—p.73 by Richard M. Rorty 1 year, 3 months ago

(adjective) relating to or concerned with earning a living / (adjective) utilitarian practical

74

confused duty with self-interest, the intrinsic authority of the moral law with the banausic need to bargain with opponents whom one cannot overcome

probably related to "banal"?

—p.74 by Richard M. Rorty
confirm
1 year, 3 months ago

confused duty with self-interest, the intrinsic authority of the moral law with the banausic need to bargain with opponents whom one cannot overcome

probably related to "banal"?

—p.74 by Richard M. Rorty
confirm
1 year, 3 months ago

(noun) the act of renouncing or rejecting something; self-denial

80

a wholesale abnegation of our aspirations to something 'higher' than mere animality

—p.80 by Richard M. Rorty
notable
1 year, 3 months ago

a wholesale abnegation of our aspirations to something 'higher' than mere animality

—p.80 by Richard M. Rorty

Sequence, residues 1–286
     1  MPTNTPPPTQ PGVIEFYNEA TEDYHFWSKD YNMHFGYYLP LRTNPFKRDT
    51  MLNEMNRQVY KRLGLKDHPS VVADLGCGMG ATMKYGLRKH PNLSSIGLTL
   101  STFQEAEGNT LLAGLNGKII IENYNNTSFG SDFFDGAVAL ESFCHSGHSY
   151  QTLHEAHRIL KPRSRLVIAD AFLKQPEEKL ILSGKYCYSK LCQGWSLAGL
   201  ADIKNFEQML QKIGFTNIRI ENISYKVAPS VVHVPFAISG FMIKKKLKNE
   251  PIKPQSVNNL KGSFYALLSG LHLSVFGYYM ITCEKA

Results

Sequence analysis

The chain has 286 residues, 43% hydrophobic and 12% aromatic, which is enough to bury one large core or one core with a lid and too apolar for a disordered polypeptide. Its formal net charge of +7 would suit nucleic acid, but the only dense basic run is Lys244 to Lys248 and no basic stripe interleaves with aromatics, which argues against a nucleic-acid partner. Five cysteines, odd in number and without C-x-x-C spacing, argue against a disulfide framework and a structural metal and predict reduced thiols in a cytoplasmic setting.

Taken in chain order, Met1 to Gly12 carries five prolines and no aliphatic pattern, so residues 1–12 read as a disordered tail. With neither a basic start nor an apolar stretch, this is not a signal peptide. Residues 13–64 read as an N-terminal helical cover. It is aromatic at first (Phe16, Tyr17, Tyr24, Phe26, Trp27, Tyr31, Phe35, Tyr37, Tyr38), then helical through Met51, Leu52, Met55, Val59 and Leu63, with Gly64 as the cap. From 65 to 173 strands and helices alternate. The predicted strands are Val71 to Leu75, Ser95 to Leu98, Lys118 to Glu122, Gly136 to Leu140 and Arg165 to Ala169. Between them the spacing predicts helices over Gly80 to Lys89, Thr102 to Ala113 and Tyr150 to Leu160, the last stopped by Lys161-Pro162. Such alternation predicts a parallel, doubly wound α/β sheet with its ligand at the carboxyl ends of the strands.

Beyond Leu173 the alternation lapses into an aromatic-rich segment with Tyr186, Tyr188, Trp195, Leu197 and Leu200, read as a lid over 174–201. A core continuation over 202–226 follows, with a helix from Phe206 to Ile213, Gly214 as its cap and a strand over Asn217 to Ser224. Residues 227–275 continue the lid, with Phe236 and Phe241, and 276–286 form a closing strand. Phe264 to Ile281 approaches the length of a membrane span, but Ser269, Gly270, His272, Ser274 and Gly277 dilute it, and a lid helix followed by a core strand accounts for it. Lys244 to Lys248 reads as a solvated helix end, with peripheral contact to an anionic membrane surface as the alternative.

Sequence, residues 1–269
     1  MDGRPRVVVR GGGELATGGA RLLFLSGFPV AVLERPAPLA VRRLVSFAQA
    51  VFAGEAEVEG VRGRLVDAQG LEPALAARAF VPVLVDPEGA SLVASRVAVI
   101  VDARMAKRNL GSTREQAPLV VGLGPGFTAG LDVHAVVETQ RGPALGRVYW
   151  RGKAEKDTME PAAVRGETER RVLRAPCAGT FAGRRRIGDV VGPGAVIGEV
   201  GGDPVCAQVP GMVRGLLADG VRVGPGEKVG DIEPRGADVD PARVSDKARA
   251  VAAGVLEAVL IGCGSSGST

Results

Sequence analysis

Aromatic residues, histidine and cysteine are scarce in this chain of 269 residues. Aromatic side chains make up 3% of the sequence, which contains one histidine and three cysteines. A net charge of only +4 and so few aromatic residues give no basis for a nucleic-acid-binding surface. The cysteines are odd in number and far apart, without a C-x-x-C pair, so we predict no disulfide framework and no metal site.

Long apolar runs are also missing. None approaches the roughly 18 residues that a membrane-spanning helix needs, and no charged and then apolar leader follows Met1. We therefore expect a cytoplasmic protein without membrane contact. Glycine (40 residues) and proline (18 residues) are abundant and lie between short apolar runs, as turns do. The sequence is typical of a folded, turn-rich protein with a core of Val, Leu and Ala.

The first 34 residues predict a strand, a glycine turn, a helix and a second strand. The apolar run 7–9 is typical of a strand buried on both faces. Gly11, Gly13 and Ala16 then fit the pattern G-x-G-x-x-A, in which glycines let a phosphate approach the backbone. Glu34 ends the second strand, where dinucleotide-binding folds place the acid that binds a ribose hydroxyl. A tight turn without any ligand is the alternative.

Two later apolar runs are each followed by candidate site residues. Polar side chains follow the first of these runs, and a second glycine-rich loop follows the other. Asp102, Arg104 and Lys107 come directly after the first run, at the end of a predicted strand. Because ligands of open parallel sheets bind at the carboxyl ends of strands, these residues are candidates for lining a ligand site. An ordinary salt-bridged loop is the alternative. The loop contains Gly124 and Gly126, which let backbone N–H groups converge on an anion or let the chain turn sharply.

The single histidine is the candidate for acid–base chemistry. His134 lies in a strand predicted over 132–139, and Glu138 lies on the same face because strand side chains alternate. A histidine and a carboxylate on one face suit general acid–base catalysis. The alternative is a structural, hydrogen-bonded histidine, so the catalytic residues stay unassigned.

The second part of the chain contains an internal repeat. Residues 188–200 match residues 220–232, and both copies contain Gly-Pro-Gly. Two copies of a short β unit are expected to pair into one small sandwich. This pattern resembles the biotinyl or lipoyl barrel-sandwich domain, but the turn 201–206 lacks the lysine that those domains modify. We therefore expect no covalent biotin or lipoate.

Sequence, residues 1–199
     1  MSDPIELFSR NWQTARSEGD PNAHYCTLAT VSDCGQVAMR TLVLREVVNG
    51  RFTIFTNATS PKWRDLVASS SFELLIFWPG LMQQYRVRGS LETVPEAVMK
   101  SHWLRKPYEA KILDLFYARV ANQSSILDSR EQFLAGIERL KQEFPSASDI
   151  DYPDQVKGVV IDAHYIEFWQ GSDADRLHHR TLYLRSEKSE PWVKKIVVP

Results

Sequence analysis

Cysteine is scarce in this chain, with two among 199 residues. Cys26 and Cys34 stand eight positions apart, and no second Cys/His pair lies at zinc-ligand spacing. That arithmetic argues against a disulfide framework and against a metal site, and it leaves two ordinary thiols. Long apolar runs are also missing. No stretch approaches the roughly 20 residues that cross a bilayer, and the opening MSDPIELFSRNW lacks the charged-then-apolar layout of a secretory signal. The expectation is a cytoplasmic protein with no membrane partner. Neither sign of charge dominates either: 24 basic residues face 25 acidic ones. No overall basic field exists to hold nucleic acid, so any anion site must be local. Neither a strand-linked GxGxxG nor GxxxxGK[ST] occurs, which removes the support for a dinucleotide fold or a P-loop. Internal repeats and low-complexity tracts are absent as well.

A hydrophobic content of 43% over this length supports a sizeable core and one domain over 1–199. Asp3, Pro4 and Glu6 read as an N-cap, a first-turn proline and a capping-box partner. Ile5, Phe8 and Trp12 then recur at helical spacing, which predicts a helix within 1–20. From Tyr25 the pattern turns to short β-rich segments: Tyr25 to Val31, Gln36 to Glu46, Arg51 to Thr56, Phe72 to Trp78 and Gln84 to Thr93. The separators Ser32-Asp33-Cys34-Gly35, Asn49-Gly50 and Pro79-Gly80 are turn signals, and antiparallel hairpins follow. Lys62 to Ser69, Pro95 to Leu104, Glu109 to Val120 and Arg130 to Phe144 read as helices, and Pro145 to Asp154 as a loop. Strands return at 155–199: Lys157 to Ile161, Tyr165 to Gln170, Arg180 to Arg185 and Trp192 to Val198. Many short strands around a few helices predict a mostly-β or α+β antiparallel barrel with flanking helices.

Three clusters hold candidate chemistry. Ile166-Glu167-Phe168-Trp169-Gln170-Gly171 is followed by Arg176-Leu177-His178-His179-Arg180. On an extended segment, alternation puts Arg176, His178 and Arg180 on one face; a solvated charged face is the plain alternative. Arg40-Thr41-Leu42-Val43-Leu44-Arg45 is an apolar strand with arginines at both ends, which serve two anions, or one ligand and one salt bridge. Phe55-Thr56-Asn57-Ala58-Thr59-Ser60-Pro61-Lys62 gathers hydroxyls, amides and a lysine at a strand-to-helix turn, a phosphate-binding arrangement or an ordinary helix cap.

notable
1 year, 3 months ago
81

[...] So it is best to think of moral progress as a matter of increasing sensitivity, increasing responsiveness to the needs of a larger and larger variety of people and things. Just as the pragmatists see scientific progress not as the gradual attenuation of a veil of appearance which hides the intrinsic nature of reality from us, but as the increasing ability to respond to the concerns of ever larger groups of people - in particular, the people who carry out ever more acute observations and perform ever more refined experiments - so they see moral progress as a matter of being able to respond to the needs of ever more inclusive groups of people.

—p.81 by Richard M. Rorty 1 year, 3 months ago